Using the mosh pit as a ritualistic rendezvous ground and the headbang as a physical rite of passage, both hardcore and heavy metal share an affinity for basic therapy: Get shit off your chest, and do it loudly. Amid a din of ear-bleed speed and swollen riffs, both forms create chain-link bonds of defiance in their respective and sometimes connected communities.
Watching Mudhoney return to the Cat's Cradle in Carrboro last week, this all made sense: A slam-dancing pit erupted early on and skanked its way through much of the heavy Seattle legend's set. Mops of long hair whipped into and above the fury ball, and when Mudhoney's Mark Arm introduced the encore finale as being by a Southern band—albeit one from Southern California, "from the Delta town of Lawndale"—the pit erupted anew. As the band ripped into and out of Black Flag's desperate 1978 anthem "Fix Me," the nihilistic words lit up punks and hessians alike: "Someday/ I'll feel no pain/ Someday/ I won't have a brain/ They'll take away the part that hurts/ And let the rest remain/ Fix me/ Fix my head/ Fix me please/ I don't wanna be dead."
Metal and punk share this sense of alienation and über-machismo anger, so it only makes sense that both hardcore punk and metal are enjoying a wave of purist, revivalist and upstart popularity right now. Maybe you've heard of that war or seen the red numbers beneath most days' Dow Jones indices. In the politically marred '80s, hardcore had an emblematic anthology called Let Them Eat Jellybeans, the cover depicting a dim-looking Ronald Reagan. Today, Philadelphia metalheads The Claw—who will play Friday night in Durham on a four-band bill split between hardcore punk and very heavy metal—delivers its image through that eternal middle finger to proper society: satanic iconography. Pittsburgh's Brain Handle wasn't birthed directly into hardcore. A profile in the Pittsburgh Post-Gazette notes the 20-somethings played in outfits ranging from metallic grind to a band likened to "the Butthole Surfers trying to play King Crimson." But they found their voice in hardcore in 2004, just as George W. Bush was campaigning for his second term.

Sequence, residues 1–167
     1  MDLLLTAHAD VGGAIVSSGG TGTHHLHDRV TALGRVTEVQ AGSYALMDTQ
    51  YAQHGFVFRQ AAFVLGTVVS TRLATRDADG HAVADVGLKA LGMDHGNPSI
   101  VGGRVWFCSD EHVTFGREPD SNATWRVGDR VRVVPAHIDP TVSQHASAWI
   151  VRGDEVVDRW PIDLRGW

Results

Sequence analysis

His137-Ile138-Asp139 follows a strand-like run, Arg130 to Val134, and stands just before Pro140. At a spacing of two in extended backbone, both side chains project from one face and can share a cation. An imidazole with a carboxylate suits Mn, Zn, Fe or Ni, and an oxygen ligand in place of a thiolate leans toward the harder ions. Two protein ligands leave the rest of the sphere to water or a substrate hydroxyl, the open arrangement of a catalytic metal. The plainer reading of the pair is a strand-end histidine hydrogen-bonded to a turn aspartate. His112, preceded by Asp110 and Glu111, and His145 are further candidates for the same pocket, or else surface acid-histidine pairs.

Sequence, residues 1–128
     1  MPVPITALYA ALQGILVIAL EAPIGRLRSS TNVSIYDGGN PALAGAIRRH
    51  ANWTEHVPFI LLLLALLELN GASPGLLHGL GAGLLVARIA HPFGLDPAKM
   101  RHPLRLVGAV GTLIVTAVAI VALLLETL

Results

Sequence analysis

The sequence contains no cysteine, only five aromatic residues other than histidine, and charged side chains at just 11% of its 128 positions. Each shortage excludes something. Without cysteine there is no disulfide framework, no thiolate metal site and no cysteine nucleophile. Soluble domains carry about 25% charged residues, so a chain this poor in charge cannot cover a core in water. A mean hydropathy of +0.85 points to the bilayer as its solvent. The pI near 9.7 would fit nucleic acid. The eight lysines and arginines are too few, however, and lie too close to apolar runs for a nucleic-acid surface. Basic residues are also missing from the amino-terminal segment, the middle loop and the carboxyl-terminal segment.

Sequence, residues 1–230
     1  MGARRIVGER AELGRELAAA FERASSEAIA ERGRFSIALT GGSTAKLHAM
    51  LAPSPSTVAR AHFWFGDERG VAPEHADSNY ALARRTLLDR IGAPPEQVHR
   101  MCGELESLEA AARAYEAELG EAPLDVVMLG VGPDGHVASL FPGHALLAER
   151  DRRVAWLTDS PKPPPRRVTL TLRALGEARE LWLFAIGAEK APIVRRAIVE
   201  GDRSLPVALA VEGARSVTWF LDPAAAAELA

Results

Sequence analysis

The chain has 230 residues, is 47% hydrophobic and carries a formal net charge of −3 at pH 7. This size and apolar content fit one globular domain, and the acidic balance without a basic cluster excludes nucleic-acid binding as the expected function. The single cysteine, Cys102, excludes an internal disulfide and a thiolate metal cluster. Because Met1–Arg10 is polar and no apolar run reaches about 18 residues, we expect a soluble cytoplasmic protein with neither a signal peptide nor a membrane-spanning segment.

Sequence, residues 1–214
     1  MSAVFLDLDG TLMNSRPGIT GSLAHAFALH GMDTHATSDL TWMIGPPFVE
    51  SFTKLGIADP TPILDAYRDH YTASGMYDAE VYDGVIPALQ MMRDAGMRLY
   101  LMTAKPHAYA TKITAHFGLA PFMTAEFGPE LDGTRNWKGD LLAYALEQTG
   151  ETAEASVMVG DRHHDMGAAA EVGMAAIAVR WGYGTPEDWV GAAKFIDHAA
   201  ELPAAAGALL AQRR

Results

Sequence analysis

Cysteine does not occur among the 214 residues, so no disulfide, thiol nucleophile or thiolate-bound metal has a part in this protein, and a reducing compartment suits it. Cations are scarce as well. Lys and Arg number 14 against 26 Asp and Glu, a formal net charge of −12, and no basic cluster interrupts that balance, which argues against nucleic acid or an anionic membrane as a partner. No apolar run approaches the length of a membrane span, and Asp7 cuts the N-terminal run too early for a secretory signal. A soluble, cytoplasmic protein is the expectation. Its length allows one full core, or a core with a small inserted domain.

The cultures of punk and heavy metal, after all, come with a built-in utility, a cathartic use for the music itself. It's an indispensable tool for simply being generally pissed off at the world, or for simply strapping on a bullhorn and speaking out against the powers that be—even better if it's in the face of especially egregious offenders. Durham's Tooth, for instance, is a new band encapsulating metal's thrash urgency in strokes of fast guitar fury, screaming vocals, and string-bending, pointed guitar leads. The band balances nods to metal's broad historical palette and hardcore's later melding with metal. At Tooth's CD release party at Duke Coffeehouse late last year, a slam-dancing pit reacted to the music in an identical way to those men and women at Mudhoney's gig: Both were delivering enthralling, potent tonics to what they were feeling.
That link between metal and hardcore meets best, perhaps, in Raleigh's Double Negative. The band's members were around for the originators of hardcore during the Reagan era, so its tenets resonate strongly in their curt, snarling songs and stiff segues of feedback. They turned back to their most effective anger expression tool, hardcore, for their voice, and have been embraced for it. This month marks a year since the band's debut, The Wonderful and Frightening World of Double Negative, found wild national scene acclaim, and Double Negative's popularity continues to grow. Likewise, these dual communities—tied by their brash, louder/faster voices in the face of an uncaring world—show no signs of slowing down, either.
Brain Handle, Double Negative, Tooth and The Claw play at Bull City Headquarters Friday, June 20, at 9 p.m. It only costs $5.